Since 1980, there has also been a gender gap in the November vote for president, as evidenced by the Edison Research national exit poll. The gap rose to double digits in 1996 and 2000, and again in 2012 and 2016. 

What’s behind the Super Tuesday gender gap? Once again, age is a factor. Men who voted were a bit younger than women voters; 38% of men were under age 45, versus 34% of women. And Sanders had greater support among those men under 45 (55%) than among women in that same age group (45%). 

Both men and women say they will unite behind the Democratic nominee in November, although women (87%) are more likely to say so than men (79%).  

Next up, Michigan (among other states), an all-important general election Rust Belt state that Sanders won in 2016. Will he do it again?

Edison Research Conducts Exit Polls on Super Tuesday 2020

On Tuesday, March 3, 2020, Edison Research successfully conducted exit polling on behalf of the National Election Pool (NEP). Edison Research interviewed over 25,000 voters at randomly-selected voting sites.

Edison Research’s exit polls are used to determine key information from voters, including demographic data, important issues and the “electability” of the various candidates. Edison’s election team captured, processed and analyzed thousands of data points and enabled our member clients and subscribers real-time access to in-depth analysis of the results.

Coverage of  Super Tuesday voter polls can be found here:

ABC News: Takeaways from Super Tuesday Exit Polls

CBS News: Super Tuesday 2020 Updates

CNN: Live Updates Super Tuesday 2020

NBC News: 2020 Super Tuesday Live Updates

Reuters: Super Tuesday Voters Largely Split Into Two Camps

The New York Times: How Super Tuesday Unfolded

The Washington Post: Exit Polls from the 2020 Democratic Super Tuesday Contests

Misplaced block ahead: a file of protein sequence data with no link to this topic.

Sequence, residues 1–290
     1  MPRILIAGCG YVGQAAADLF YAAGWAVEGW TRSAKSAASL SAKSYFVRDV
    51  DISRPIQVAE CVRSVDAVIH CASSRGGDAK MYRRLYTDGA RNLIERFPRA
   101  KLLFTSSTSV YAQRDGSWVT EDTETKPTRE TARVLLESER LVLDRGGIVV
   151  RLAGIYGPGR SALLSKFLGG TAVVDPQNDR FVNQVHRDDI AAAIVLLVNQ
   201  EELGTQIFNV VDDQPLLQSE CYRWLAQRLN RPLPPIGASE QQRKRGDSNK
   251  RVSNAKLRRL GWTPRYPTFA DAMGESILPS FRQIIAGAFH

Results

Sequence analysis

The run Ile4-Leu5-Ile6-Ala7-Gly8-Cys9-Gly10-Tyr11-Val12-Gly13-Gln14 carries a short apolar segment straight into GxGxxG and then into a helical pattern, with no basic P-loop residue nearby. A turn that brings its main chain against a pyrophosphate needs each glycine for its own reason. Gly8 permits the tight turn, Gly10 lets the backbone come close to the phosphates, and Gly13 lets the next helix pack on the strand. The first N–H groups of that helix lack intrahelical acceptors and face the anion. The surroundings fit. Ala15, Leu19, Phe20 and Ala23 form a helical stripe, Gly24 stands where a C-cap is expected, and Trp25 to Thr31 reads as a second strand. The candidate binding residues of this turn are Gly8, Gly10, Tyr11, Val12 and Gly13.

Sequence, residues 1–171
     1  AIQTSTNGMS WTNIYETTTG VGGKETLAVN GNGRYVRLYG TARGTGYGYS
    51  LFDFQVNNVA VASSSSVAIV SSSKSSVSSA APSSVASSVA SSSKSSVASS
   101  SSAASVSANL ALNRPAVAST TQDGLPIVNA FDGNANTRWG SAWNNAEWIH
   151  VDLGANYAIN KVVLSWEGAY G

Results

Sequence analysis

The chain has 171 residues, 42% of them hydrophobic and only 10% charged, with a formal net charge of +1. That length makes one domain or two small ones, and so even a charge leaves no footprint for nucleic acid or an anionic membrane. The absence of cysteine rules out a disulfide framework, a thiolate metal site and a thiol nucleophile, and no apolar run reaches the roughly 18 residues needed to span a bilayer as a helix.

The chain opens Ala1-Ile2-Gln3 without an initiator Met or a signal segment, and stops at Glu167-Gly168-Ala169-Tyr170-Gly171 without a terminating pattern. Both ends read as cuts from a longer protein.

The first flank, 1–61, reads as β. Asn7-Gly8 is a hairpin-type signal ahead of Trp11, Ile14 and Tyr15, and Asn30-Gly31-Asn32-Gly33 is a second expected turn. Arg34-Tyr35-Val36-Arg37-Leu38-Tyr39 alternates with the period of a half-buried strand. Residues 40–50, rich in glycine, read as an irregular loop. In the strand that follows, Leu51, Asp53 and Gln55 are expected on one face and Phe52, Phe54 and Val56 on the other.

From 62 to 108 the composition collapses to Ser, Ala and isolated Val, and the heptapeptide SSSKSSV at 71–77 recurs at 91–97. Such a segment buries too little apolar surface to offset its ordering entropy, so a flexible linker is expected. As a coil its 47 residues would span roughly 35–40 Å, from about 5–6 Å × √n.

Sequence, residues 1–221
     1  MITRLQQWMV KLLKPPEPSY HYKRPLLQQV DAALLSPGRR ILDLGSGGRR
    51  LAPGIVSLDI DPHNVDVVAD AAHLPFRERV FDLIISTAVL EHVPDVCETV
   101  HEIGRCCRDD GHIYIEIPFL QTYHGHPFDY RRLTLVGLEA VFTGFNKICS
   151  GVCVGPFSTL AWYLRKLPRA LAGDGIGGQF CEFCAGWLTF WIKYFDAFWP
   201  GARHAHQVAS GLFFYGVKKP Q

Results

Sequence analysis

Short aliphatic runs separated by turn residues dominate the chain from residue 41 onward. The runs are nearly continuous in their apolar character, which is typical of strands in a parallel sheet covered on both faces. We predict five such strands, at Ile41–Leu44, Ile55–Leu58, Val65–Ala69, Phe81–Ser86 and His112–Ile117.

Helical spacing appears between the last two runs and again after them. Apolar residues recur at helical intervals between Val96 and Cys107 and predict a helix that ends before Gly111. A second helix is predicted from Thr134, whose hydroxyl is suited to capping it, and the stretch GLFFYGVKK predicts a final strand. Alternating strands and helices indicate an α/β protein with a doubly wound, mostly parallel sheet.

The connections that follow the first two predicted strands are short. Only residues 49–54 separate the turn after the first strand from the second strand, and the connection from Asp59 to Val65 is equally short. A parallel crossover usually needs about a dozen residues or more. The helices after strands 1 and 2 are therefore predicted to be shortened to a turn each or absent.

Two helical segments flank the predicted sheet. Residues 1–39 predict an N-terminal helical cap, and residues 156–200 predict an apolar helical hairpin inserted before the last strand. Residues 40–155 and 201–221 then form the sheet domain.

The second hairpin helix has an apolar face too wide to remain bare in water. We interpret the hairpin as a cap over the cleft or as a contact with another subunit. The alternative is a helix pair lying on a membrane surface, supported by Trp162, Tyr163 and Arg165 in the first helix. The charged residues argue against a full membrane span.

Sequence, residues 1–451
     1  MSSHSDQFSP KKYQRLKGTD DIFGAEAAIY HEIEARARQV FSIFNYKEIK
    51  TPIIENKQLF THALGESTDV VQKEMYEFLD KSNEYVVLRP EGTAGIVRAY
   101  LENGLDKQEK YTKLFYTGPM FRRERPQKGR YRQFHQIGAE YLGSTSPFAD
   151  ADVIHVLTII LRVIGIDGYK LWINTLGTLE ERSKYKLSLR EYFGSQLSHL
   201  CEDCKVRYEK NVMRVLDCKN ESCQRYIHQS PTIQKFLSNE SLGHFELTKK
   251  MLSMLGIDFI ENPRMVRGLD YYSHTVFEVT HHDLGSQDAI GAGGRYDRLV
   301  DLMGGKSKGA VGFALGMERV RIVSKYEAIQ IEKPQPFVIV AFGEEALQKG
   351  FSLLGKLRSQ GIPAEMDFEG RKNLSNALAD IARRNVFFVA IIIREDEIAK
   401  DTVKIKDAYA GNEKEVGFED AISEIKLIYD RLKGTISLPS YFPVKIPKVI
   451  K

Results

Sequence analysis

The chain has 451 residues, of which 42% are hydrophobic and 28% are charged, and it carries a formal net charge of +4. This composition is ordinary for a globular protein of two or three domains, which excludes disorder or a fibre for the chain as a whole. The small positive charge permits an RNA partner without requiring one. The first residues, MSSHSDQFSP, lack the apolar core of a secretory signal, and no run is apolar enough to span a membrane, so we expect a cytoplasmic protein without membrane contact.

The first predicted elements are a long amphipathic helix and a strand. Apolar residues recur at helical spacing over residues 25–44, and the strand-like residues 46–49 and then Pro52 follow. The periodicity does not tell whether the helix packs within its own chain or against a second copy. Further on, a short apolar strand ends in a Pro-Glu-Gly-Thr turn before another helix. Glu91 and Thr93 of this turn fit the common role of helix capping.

About the NEP-Edison Research Entrance Polls: Edison Research conducted exit polls for the National Election Pool (ABC, CBS, CNN, NBC) during the 2020 Super Tuesday nominating contests. Over 25,000 voters were polled.

Click here for more about Edison Research and election polling.

About Edison Research
Edison Research conducts survey research and provides strategic information to a broad array of clients, including Activision, AMC Theatres, Disney, Dolby Laboratories, Google, Oracle, the U.S. International Broadcasting Bureau, Pandora, Samsung, Siemens, Sony, The Gates Foundation, and Univision. Edison is the leading podcast research company in the world and has conducted research on the medium for NPR, Slate, ESPN, PodcastOne, WNYC Studios, and many more companies in the space. Another specialty for Edison is its work for media companies throughout the world, conducting research in North America, South America, Africa, Asia, Australia, and Europe. Edison is also the leading provider of consumer exit polling and has conducted face-to-face research in almost every imaginable venue. Since 2004, Edison Research has been the sole provider of Election Day data to the National Election Pool, conducting exit polls and collecting precinct vote returns to project and analyze results for every major presidential primary and general election.